Book-publication parties are not necessarily dreary affairs.
Last year, Hillary Rodham Clinton had hers at the Four Seasons restaurant, and it was a home run. Years ago, the head of publicity at Crown was renowned for tossing really inventive shindigs you never forgot.
But President Bill Clinton 's publisher, Knopf, is not known for its lively soirées. Last night was no exception.
The publisher of such serious stuff as John Updike and Ann Tyler chose the lobby of the Metropolitan Museum of Art as its venue. Why this spot was picked is anyone's guess. The lobby is essentially a concrete pit with no acoustics, a hard, unforgiving floor and no place to sit.
Into this space poured an eclectic and unfortunate mix of people that included actress Lauren Bacall, writer Arthur Schlesinger and his wife Alexandra, a grumpy Fran Lebowitz in sunglasses, mystery writer Walter Mosley, author Gay Talese and his famous editor wife Nan, singer Judy Collins, Ken Burns, Anna Deavere Smith, Andy Rooney, Al Sharpton, Le Cirque's Sirio Maccioni, Pete Hamill, Calvin Trillin and actress Michael Michele.
There were three guests whom I'd call oddities at this particular event: Clinton's Brutus, George Stephanopoulos; his old friend and one-time fundraiser, Patricia Duff (Medavoy Perelman); and former New Jersey Senator Robert Torricelli .
Also, Chelsea Clinton's boyfriend, Ian Klaus, who looks like a young Oscar Wilde, was all over the place and seemingly had a bunch of friends in tow.
Media? After being told by a Knopf lackey that there would be little press in the party, it turns out you couldn't swing a cat without hitting some reporter or editor from a network (Don Hewitt from CBS), The Times, the Observer, the New York Post or the Daily News.
Barbara Walters was also there, albeit briefly. And lots of publishing types, such as Knopf's Sonny Mehta and Victoria Wilson. "Good Morning America" was represented by new executive producer Ben Sherwood and longtime senior producer Patty Neger. There were also two producers from the "Today" show and our very own Lisa Bernhard from Fox News.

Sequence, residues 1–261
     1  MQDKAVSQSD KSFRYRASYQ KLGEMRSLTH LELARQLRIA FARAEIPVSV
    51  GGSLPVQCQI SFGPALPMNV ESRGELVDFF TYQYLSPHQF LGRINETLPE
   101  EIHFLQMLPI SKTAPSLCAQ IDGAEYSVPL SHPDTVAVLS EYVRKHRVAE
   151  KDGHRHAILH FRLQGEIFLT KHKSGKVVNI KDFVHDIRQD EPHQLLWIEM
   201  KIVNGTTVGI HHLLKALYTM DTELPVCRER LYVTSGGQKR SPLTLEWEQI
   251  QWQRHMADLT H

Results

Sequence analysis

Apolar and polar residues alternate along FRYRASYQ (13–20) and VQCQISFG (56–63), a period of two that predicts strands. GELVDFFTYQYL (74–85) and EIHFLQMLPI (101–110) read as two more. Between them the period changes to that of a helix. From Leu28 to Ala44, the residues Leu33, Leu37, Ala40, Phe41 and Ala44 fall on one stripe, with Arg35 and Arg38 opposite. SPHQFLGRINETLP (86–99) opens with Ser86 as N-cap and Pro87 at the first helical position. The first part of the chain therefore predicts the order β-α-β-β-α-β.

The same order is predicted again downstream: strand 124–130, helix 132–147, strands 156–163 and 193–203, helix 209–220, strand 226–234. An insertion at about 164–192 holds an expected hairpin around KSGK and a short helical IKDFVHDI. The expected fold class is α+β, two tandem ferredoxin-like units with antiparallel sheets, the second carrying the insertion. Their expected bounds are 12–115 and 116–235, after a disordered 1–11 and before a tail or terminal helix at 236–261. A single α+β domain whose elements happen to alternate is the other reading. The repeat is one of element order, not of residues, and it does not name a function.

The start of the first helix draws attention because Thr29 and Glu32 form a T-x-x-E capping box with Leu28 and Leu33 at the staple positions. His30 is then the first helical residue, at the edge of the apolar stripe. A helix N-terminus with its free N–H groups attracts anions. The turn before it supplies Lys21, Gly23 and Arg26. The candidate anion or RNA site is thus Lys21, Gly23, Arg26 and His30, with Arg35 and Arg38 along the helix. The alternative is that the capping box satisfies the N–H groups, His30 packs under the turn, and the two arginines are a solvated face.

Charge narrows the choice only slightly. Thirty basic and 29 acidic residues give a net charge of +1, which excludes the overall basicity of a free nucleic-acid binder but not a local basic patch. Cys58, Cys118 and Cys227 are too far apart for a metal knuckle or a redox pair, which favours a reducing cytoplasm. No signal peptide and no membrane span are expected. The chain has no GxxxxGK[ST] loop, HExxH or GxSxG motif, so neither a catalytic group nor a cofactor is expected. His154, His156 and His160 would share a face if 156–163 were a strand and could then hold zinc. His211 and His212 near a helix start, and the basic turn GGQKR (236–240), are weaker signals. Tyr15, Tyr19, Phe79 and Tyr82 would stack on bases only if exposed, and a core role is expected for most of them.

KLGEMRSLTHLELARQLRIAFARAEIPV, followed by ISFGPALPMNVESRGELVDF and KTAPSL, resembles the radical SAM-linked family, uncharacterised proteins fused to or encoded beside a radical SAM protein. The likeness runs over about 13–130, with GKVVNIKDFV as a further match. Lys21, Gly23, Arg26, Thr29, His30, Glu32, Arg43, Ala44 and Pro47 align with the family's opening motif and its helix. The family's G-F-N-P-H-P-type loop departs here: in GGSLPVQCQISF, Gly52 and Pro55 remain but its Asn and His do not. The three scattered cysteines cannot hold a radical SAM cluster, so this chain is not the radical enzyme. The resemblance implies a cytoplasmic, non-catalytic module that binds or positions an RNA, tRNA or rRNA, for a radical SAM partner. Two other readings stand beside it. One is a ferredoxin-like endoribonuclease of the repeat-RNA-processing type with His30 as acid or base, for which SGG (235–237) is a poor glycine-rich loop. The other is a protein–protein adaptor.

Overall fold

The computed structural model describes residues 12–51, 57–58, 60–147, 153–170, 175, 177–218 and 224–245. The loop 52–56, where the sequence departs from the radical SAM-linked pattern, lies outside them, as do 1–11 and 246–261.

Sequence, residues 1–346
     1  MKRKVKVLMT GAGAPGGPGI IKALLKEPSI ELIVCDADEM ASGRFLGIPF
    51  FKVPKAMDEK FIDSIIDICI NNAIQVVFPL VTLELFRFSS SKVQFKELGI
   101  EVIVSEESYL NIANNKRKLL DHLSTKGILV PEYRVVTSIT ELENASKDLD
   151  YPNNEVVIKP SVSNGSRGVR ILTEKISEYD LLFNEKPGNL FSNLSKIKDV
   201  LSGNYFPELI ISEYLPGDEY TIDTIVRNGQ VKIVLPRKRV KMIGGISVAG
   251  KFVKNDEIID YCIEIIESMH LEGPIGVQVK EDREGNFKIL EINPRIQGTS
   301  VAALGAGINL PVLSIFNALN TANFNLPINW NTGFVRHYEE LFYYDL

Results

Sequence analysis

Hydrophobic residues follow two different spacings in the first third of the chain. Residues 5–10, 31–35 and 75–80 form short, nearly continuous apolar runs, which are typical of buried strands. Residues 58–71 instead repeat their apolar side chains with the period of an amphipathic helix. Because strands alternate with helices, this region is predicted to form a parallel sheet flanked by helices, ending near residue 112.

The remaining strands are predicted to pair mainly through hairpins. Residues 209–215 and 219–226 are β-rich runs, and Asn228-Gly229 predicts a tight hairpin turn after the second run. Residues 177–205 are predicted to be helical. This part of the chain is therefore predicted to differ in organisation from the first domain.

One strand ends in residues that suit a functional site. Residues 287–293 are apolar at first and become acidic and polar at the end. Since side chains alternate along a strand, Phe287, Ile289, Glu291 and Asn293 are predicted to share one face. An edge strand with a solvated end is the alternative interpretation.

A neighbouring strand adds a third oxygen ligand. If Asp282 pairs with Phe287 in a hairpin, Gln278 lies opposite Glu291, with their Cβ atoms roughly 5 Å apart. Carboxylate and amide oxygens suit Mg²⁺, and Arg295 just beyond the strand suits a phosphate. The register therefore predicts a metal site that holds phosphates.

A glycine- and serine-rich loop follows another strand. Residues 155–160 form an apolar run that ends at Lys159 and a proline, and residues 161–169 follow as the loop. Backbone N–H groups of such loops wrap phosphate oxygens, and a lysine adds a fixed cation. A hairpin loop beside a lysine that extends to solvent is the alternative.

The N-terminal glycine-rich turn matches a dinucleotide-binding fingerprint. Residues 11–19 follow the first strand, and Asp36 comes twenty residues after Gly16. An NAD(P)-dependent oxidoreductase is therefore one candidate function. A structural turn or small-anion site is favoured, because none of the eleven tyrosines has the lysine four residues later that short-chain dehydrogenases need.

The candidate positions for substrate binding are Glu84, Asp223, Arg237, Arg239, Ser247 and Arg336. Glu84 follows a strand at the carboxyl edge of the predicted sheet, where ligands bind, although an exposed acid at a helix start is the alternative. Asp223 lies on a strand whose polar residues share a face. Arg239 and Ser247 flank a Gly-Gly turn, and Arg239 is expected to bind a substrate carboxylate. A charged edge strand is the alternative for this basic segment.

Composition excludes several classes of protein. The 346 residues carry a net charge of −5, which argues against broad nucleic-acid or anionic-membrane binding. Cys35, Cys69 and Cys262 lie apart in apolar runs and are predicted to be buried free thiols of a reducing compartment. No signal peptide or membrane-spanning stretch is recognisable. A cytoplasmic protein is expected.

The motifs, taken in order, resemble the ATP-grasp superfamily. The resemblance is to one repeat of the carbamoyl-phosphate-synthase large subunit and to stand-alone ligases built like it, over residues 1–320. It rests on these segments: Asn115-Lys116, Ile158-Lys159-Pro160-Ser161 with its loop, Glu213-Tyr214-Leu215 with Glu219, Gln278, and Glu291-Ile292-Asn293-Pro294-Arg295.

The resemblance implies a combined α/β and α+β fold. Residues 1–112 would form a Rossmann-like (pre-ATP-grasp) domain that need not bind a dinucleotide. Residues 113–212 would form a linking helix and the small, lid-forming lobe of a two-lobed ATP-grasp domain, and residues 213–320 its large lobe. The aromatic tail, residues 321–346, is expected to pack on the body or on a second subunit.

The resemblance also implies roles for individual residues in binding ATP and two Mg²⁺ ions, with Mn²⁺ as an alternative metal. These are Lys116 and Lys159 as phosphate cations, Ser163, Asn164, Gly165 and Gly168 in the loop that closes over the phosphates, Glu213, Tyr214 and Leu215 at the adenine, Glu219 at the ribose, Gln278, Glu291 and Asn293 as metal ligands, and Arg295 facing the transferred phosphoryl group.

But movie stars or even people of distinction with buzz potential were few and far between. No Tim Robbins, Susan Sarandon, Alec Baldwin or left-leaning celebs who usually stump for Clinton.
Where were they? Where was our beloved Moby, or even a Cuomo or Caroline Kennedy, or the as-advertised Michael Moore? (The only semi-Kennedy was Jackie's former beau Maurice Tempelsman , walking with two canes.)
Only Miramax's Harvey Weinstein had an excuse: he was in Europe with Quentin Tarantino, promoting "Kill Bill: Vol. 2."
I did get 10 seconds of face time with Clinton himself before he made his acceptance, er, uh, promotion speech. He looked tanned and rested and ready to get out there and make sure every one of the 1.5 million pre-ordered copies of "My Life" was sold.
I said, "I wonder if you were disappointed by Gore."
Clinton replied: "I'm disappointed that he lost."
"No," I added, "by the way he conducted his campaign."
Clinton's eyes narrowed. "I don't want to talk politics tonight. It's my night. It's about the book."
I did not get to ask him anything else, such as an explanation for Pardongate. On "60 Minutes" Clinton told Dan Rather that he couldn't find a reason on the "merits" not to have pardoned international oil and metal trader Marc Rich .
Rather never got to ask: How about the fact that Rich had fled the U.S. and was a fugitive who'd remained at large for 17 years and who'd done business with every country prohibited by the U.S.?
I also did not get to ask Clinton about the tax-free foundation for his Arkansas library. Last year, according to tax records, the foundation took in $25 million in donations, roughly three times the amount from the two previous years.
Ten days before the end of his second term, just before the pardon scandal, Clinton received $1 million from an unnamed donor. It remains the single largest contribution so far.
After Clinton made his speech, I went over to pay respects to his wife, Senator Hillary, who had introduced her husband as the "former president, future bestseller, Chelsea's father and my constituent."
Had she read the book?
"Yes, I've read all of it," she said.
Did she read it when it was done or as it was being written?
"He was showing me pieces of it all along," Hillary said.
Their house must be filled with papers, considering her book came out only last year.
"A lot of forests were felled for those books," she laughed, making small talk. (Please, ecologists, it was banter.)
On the way out, I ran into Robert Gottlieb, the famous and revered editor who was dragged over the coals in Sunday's New York Times by book reviewer Michiko Kakutani. Among Gottlieb's many famous accomplishments: editing Joseph Heller's "Catch 22" and Leon Uris's "Mila 18."
So how did Bill Clinton stack up among Gottlieb's many legendary authors?
"He did fine," said the editor. "Of course, I didn't see him that often. But he was very good at taking suggestions. And if he didn't want to do something, he'd come back with a good reason."
So does Gottlieb now know a lot of secrets that didn't make it into "My Life"?
"Yes," he said, with a polite laugh and tilt of his head, "and I can't tell you any of them!"